Ample crude supplies and a weak global economic outlook have pushed world oil prices to a 13-month low despite armed conflicts that have flared up in key producing regions.
Oil markets are “almost eerily calm” even as geopolitical risks abound in the Middle East and in other important energy regions, the International Energy Agency said in the August edition of its much-followed Oil Market Report.
The world is well supplied, after Saudi Arabia ramped up production past 10 million barrels a day, its highest in nearly a year, and its OPEC partner Libya eked out tentative gains. They have made up for losses in Iraq, Iran and Nigeria this summer, the IEA said. Meanwhile, North America’s oil-production renaissance has hummed along unabated.
At the same time, the IEA cut its oil-demand forecast for 2014 by 180,000 barrels a day, after crude deliveries in the Americas and Europe in the last quarter sank by 440,000 barrels a day and the global economy underperformed previous expectations. It trimmed its outlook for all-important Chinese demand growth to 2.9 per cent from 3.3 per cent.
London-traded Brent crude fell $1.66 (U.S.) a barrel to $103.02 on Tuesday, after hitting an intraday low of $102.65, its lowest since July, 2013. West Texas Intermediate, the North American benchmark, fell 71 cents to settle at $97.37.
“Despite armed conflict in Libya, Iraq and Ukraine, the oil market today looks better supplied than expected, with an oil glut even reported in the Atlantic basin, where surprisingly steep demand contraction recently compounded the effect of relentless North American supply growth,” the Paris-based IEA, the West’s energy watchdog, said in its report.
More-than-sufficient oil supply and shaky demand data suggest that without geopolitical tensions, the market could turn even weaker than it is. The situation adds more pressure to a Canadian energy sector that had been on a major rebound for most of the first half of the year, but has watched as commodity markets have retreated in the past two months.
However, Saudi Arabia would remain a wild card in the equation, and could cut its production to protect prices, just as it has increased it this year, said Martin King, analyst at FirstEnergy Capital Corp.
Today’s relative market stability puts into focus its capacity to adjust supplies when fellow OPEC members face threats to production levels. The shale revolution is playing into the mix with seemingly unstoppable growth in light crude supplies from regions such as the Bakken in North Dakota helping to push North America closer to self-sufficiency.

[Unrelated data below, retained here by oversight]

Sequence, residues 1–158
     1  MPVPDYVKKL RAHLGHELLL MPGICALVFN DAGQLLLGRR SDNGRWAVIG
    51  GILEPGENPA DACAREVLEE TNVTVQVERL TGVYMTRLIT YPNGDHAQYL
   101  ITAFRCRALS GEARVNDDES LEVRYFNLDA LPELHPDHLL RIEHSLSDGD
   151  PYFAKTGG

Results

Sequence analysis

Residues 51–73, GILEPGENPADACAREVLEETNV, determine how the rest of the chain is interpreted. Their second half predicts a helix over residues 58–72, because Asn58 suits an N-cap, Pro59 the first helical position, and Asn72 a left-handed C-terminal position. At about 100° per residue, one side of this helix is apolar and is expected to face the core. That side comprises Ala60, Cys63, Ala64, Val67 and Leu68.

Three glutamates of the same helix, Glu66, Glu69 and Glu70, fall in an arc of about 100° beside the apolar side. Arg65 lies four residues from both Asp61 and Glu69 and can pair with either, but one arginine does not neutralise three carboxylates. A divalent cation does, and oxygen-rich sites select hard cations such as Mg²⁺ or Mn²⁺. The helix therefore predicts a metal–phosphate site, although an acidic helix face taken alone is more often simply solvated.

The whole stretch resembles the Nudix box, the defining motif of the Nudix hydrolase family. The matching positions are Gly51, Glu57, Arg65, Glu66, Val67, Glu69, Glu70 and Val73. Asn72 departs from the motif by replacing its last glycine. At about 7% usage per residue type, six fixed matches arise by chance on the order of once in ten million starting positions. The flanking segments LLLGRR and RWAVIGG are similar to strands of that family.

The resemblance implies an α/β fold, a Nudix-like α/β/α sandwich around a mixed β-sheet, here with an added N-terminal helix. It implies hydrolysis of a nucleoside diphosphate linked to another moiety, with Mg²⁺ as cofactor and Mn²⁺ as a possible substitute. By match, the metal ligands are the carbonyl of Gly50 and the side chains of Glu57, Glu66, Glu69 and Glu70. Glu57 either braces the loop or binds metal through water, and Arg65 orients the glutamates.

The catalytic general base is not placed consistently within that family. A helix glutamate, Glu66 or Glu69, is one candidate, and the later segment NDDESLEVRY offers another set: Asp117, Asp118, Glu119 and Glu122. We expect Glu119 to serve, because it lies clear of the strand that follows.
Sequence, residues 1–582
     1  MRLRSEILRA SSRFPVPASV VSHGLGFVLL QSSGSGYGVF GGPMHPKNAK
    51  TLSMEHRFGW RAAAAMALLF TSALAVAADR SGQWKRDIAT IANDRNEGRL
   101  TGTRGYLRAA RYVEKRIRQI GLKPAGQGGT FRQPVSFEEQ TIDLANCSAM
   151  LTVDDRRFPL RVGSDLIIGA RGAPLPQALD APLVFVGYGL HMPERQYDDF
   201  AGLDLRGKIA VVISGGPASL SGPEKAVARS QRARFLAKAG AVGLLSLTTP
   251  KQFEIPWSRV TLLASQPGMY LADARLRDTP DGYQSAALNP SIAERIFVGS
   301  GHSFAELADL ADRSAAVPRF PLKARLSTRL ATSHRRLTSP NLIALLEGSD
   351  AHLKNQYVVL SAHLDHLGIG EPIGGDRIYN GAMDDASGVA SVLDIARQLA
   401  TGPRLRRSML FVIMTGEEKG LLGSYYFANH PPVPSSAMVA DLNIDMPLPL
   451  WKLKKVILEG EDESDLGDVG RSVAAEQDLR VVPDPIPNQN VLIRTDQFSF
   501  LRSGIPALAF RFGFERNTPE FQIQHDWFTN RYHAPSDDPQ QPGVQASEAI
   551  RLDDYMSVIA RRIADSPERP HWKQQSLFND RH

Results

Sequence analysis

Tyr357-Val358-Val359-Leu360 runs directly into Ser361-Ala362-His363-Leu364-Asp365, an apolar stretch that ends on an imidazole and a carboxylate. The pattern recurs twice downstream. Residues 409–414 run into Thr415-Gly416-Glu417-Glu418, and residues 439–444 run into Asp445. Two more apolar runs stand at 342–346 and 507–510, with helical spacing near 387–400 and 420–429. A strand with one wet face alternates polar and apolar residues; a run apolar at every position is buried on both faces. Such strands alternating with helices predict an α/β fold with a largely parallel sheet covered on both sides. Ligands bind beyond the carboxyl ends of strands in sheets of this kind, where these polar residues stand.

On the demand side, the IEA took its cue from the International Monetary Fund, which shaved three-tenths of a percentage point off its 2014 global gross domestic product growth forecast, putting it at 3.4 per cent. Demand growth is expected to pick up again in 2015 as macroeconomic conditions improve, it said.
“The effect of slack demand and ample supply from the places that count is that it reduces the potential for price spikes,” said Judith Dwarkin, director of energy research at ITG Investment Research in Calgary.
“Five years ago, if we had things going on in Iraq such as they are now, things in Ukraine, the Gaza issue, Brent probably would have been much higher. But because supplies are growing outside of the Middle East now quite handily and demand growth still hasn’t recovered to prerecession pace, I think that’s taken some away from the usual geopolitical culprits,” Ms. Dwarkin said.
In recent weeks, Islamist forces moved in on oil fields and exploration blocks in the Kurdistan region of northern Iraq, prompting foreign oil companies, including Exxon Mobil Corp., Chevron Corp. and Talisman Energy Inc. to evacuate staff. Meanwhile, Iran’s oil output has also fallen gradually over the past three months.
Canadian oil and gas liquids output held steady in July at 4.2 million barrels a day, but the agency predicted output would rise in the fourth quarter as bitumen production from the Alberta oil sands resumes steady gains.
Ms. Dwarkin said it is likely the market may stray little from the current range as Northern Hemisphere refiners enter their end-of-summer maintenance season following two months of heavy production.
“The steam’s going to come out of it over the next few weeks on the U.S. side of things, and on the Brent side of things, the ongoing geopolitical uncertainties I think are maintaining some kind of a floor,” she said.Report Typo/Error